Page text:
If there's nowhere to run when a client hires you to assist the court as an objective expert, there are certain considerations to bear in mind.
When your chairman approaches you saying an important client needs an expert witness in your field of work, my advice is to hide. I failed to do this two years ago and can now give you, the novice expert, some practical guidance on how to handle a similar situation.

We have 15 highly skilled and experienced planners in Cyril Sweett's specialist project planning and programme management section. These thoughts are from those of us who have been experts. An expert is appointed by a client to assist the court to understand issues relating to a specialist field of experience. If you work elsewhere for the client, you may not be able to be his expert because you may not be considered independent.

The expert is paid by a client, not to "talk-up" his case, but to provide independent, unbiased advice for the benefit of the court. However, you will be working with a legal team that has one thing on its agenda – to get the best result for its client. For the expert, remaining balanced and neutral is best for your client. No one should rush into court with a case that cannot stand up under cross-examination. Your independent advice must assist the client and legal team to make sound decisions about how to proceed with the case.

Even if the case does not get to court – and many do not – then the demands on your time can be extraordinary. You need to ask if your business can cope without you for three to six months, for instance. This is the length of time that you must be prepared to dedicate to a standard case.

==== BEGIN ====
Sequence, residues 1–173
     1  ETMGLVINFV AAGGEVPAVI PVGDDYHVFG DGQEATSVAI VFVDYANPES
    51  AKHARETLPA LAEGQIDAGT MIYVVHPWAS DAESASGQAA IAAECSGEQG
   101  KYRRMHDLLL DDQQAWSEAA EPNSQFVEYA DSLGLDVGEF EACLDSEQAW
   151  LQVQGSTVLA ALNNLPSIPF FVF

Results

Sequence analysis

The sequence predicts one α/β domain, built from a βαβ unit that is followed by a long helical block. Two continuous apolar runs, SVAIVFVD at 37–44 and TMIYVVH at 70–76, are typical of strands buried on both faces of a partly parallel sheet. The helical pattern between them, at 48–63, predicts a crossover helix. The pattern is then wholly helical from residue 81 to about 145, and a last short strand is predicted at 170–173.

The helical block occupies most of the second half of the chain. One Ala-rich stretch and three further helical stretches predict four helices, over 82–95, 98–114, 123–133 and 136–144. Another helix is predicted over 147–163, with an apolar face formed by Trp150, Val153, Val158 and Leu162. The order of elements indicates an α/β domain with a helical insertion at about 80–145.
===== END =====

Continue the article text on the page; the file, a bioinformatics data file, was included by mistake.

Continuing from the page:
My most recent case went on for two years. Not that I was full time for that period, but I was expected to be on instant standby for attendance at meetings, and as such I had to reject some new commissions.

A good expert needs to be active in the field of expertise and not just a "professional expert". I am fortunate in that I specialise in, and am involved in, the planning and programming of projects. Others may not be quite so lucky.

  • The expert is paid by a client to provide unbiased and independent professional advice
  • Identify pros and cons for your client. Do not give any false hopes

When it comes to knowledge of your subject, you really do have to be an expert. In my field, time is critical to all aspects of a project, which includes design development, planning and legal issues, procurement and contractual routes. Consequently, it is necessary to really understand how Network Critical Path Analysis is applied, so that any delay events can be investigated logically and communicated so they are fully understood by the legal team and the court.

I would recommend that you attend one of the excellent training courses run by organisations such as the Academy of Experts. They will help to guide you through what, to you, will be a new world of legal terms, procedures and protocol. However, before you have a chance to get training, you may need to provide an initial report to your legal team. If this is the situation, then the following will assist you to get started.

Review the pleadings, if they are prepared, and understand your brief in respect of them. If you are working for the plaintiff, you will have the burden of proof. This can be harder than defence, where you simply have to prove that the case is not plausible.

If you are not able to read in the time all the documents for your initial report, you should state clearly what you have and have not reviewed. Ensure your research notes are well referenced, as this will save you and your client hours of time.